6. Conclusion

In summary, cirrhosis confers a higher perioperative morbidity and mortality for colorectal surgery. Perioperative risk assessment can be performed using models such as the MELD score and physiologic markers such as albumin and hematocrit. Patients should be medically optimized before surgery to prevent complications and deserve close monitoring postoperatively for signs of decompensation. There are limited data available on specific management and risk in colorectal surgery. Studies are generally limited due to institutional volume, and the majority of the data available comes from retrospective studies of large databases using surrogate markers for liver disease rather than a true diagnosis. Furthermore, there are no large studies that examine how different etiologies of cirrhosis impact colorectal surgery. Future research should clarify the risk associated with specific operations and clinical parameters to further guide surgical management and improve outcomes for cirrhotic patients undergoing colorectal surgery.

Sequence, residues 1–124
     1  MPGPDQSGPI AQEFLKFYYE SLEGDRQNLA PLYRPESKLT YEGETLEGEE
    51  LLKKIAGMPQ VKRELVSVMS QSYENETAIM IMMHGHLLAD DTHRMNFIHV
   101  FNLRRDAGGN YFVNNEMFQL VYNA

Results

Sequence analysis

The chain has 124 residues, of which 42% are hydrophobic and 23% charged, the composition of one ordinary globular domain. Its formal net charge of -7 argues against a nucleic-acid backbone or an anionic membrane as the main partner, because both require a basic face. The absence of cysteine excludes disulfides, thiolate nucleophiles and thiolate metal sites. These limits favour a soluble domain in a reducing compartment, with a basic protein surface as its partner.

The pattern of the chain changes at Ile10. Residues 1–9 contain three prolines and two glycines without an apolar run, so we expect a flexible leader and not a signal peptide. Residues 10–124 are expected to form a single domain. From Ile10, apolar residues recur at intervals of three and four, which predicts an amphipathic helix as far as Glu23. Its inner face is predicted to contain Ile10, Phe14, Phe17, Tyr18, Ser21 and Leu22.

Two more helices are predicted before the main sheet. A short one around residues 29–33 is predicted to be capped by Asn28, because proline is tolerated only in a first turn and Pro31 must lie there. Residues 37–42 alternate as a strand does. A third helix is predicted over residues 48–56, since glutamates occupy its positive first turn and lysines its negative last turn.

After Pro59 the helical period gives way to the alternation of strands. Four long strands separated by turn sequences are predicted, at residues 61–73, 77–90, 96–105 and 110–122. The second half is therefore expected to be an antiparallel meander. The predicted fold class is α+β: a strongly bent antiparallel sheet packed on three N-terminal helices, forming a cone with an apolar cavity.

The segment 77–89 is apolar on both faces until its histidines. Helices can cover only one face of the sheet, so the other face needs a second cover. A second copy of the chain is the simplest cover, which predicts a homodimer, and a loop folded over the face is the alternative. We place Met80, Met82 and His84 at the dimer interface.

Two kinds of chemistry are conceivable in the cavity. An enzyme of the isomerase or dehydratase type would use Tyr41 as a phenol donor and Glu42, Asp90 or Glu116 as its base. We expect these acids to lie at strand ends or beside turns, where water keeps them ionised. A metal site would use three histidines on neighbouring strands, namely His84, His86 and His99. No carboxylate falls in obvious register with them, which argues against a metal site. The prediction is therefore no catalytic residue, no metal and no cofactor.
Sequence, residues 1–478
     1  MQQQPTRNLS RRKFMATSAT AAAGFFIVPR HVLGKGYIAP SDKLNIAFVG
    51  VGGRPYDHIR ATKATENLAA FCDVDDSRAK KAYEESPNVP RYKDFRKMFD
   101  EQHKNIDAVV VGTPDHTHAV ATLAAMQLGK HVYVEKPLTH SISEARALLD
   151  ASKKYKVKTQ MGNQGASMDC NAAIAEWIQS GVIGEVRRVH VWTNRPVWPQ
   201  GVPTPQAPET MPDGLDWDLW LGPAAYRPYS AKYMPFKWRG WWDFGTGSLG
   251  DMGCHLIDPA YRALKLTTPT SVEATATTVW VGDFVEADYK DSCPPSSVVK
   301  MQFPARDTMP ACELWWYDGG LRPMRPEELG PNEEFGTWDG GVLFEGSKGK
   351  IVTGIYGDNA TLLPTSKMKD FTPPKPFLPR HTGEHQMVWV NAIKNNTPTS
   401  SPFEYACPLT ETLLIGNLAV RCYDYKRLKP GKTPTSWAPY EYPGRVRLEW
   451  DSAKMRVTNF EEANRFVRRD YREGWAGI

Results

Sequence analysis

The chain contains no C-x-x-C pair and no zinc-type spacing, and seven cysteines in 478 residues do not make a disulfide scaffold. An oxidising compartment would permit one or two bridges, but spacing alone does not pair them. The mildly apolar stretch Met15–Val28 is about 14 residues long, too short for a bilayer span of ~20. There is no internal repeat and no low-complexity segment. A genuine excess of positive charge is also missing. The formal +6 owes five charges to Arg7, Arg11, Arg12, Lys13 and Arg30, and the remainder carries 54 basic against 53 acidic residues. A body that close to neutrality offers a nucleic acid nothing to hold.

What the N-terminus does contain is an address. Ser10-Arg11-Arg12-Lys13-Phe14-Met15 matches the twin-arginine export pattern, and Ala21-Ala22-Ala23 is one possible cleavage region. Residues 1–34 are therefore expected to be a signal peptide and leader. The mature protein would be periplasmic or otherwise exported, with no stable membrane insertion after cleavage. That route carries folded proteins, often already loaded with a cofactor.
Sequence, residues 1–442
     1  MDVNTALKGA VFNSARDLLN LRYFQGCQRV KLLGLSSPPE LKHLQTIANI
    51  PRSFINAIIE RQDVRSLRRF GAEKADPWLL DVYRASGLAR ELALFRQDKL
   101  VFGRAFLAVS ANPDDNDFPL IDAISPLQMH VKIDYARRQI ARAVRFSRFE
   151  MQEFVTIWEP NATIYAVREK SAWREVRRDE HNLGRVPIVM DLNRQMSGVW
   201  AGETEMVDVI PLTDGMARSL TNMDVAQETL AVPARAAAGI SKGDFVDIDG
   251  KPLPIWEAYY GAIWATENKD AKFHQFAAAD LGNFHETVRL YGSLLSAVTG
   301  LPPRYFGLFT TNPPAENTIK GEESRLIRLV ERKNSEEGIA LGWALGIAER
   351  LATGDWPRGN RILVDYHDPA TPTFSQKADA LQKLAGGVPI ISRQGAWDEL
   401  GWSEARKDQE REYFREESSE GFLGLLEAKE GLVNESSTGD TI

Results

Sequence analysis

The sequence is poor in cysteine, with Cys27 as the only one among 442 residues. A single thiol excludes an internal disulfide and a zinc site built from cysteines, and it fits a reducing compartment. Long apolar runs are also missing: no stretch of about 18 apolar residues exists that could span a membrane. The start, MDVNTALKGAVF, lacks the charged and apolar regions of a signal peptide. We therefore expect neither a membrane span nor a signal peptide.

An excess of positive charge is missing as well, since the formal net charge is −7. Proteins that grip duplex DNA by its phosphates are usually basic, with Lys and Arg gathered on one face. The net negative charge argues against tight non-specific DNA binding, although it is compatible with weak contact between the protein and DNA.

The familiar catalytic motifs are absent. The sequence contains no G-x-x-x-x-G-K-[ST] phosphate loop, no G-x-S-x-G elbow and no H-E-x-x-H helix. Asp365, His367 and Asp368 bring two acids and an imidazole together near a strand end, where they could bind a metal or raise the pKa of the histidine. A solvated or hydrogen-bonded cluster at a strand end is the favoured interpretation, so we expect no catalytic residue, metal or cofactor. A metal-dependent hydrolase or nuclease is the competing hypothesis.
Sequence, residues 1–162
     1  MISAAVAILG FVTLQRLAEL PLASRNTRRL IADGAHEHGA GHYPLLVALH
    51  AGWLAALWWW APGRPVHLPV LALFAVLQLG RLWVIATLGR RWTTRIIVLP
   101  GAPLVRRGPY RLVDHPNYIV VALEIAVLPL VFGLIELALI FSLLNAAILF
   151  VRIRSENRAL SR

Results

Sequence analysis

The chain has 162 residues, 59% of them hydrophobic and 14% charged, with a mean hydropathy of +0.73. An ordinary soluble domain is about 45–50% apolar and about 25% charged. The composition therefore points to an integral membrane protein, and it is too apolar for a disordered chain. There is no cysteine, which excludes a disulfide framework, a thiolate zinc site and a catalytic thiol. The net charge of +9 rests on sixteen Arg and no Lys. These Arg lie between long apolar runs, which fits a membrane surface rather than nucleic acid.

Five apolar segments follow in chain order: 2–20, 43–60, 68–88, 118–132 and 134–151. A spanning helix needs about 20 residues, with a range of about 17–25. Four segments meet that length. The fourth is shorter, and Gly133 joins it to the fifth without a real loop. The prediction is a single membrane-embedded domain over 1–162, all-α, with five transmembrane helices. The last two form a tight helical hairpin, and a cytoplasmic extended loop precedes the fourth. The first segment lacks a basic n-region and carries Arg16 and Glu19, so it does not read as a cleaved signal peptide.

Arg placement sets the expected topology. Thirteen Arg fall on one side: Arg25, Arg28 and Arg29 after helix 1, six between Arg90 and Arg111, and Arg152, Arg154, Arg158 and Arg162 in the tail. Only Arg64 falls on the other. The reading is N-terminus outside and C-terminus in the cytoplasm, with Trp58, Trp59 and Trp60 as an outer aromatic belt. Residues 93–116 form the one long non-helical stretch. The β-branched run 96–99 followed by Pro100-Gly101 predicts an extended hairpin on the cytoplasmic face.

Conflict of Interests

The authors declare that there is no conflict of interests regarding the publication of this paper.